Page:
Monday, October 25, 2010

Blackened Catfish

I'm not a huge fan of catfish, but this was the best piece of fish they had today at the market. I usually do this to red snapper. I was surprised how soft the finished product was. It's really easy to overcook catfish until it gets tough. This recipe works with any white fish.

Most recipes for blackened any-fish start with telling you to open the windows and turn on the vent over the stove. If a recipe doesn't mention ventilation, that person has never actually made it. You can turn off the stove vent once you're done cooking, but leave the windows open until the dishes are washed. I go so far as to close bedroom doors, so the fumes don't penetrate. It's a yummy smell while you are making the dish, but two days later, you're kind of over it.

The seasoning mix is adjustable. "Blackened" refers to coating the fish with seasoning and then searing it. Pepper is a standard. You can cut down on the salt before pepper. This doesn't mean the dish has to be spicy. The goal is to use herbs and spices to enhance the fish's flavor. You can serve the fish with a side of some kind of relish, but I usually just put on a splash of lemon juice.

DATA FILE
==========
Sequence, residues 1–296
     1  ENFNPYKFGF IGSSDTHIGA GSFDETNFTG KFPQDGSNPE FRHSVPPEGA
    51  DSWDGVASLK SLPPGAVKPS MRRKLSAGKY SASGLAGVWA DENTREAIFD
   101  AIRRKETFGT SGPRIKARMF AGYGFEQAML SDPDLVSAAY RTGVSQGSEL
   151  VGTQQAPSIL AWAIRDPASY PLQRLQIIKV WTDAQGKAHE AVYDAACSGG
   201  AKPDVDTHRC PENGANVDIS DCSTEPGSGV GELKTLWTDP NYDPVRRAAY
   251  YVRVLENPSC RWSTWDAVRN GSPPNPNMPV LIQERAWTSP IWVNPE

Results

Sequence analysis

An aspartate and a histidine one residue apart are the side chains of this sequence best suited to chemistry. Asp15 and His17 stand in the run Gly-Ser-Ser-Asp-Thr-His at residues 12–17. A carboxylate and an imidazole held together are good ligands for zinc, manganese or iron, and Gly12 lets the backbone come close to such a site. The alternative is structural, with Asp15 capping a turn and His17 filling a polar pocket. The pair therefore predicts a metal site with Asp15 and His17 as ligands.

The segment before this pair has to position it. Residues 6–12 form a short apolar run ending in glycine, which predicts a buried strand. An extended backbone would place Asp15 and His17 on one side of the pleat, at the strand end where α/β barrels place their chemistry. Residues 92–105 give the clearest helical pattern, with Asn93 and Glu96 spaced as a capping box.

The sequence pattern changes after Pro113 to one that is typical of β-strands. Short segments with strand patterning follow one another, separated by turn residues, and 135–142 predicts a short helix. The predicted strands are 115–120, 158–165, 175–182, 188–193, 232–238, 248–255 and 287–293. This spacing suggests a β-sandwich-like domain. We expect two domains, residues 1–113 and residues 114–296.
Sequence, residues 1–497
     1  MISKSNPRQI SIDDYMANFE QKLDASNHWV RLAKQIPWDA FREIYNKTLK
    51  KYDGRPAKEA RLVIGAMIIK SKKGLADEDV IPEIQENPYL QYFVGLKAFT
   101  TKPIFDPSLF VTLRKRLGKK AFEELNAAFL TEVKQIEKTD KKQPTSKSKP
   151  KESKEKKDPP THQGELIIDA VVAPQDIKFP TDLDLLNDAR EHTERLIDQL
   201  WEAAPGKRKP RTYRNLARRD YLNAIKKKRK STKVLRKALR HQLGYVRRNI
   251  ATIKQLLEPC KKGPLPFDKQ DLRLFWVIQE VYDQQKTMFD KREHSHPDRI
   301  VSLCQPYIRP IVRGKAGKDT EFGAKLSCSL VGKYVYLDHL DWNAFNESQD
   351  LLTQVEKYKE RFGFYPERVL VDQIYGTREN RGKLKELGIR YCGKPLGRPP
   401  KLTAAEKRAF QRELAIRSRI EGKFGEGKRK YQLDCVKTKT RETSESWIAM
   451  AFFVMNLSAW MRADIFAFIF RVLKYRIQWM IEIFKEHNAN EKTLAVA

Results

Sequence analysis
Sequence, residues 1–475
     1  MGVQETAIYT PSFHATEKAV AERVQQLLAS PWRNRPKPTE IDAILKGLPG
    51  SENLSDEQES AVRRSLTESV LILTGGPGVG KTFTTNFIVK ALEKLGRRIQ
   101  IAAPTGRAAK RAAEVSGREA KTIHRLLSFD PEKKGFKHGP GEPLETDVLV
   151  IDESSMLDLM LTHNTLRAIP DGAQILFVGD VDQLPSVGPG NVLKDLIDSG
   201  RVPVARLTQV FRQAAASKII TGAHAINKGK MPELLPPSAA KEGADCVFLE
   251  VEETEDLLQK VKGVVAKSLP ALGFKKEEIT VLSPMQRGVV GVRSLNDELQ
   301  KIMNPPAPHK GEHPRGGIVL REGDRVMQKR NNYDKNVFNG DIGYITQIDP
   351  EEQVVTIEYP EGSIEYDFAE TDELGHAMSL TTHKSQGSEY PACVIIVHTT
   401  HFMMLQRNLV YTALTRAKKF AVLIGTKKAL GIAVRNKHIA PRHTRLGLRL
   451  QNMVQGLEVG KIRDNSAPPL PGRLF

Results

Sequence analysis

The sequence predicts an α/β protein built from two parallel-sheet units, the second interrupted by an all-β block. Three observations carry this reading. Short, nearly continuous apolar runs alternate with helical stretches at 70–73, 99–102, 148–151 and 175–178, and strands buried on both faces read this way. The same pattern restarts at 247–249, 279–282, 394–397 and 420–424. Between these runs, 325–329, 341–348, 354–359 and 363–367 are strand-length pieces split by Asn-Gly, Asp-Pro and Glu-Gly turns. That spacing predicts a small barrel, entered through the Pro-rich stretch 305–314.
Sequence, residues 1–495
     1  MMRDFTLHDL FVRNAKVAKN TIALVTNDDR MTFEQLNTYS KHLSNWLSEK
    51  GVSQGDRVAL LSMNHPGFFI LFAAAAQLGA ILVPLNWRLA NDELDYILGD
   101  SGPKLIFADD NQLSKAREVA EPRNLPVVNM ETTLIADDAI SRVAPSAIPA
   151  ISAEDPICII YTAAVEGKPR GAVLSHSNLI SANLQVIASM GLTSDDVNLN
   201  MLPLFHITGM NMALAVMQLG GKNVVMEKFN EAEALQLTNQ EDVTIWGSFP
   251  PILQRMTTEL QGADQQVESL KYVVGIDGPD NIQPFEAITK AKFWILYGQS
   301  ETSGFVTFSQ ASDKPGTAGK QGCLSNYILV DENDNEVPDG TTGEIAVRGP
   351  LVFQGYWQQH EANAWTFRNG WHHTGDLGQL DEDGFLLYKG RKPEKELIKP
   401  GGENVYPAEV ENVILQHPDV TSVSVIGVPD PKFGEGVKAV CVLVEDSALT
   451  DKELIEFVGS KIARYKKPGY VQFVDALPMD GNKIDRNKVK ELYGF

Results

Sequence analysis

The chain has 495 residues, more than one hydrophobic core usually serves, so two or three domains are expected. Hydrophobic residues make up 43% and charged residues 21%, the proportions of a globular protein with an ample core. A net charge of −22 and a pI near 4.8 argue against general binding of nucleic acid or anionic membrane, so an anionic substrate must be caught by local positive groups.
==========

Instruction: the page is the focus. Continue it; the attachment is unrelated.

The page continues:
The side dish is a thing I threw together to get rid of the last of the orzo. I ended up really liking it and will probably post that next.

1 lb catfish fillet
2 Tb butter
1/2 tsp each salt and black pepper
1/4 tsp each paprika, dried dill weed, lemon pepper, and celery salt

1. Mix together spices and set aside.

2. Preheat a 10" skillet over medium heat.

3. Set fillet on a sheet of wax paper. Melt butter and brush half of it on one side of the fillet. Sprinkle with half of the seasoning mixture. Turn fillet and repeat on other side.

4. Set fillet in hot pan and cook for about 3 minutes on each side. Cut into it slightly to make sure fish is cooked all the way through.

Difficulty rating  π

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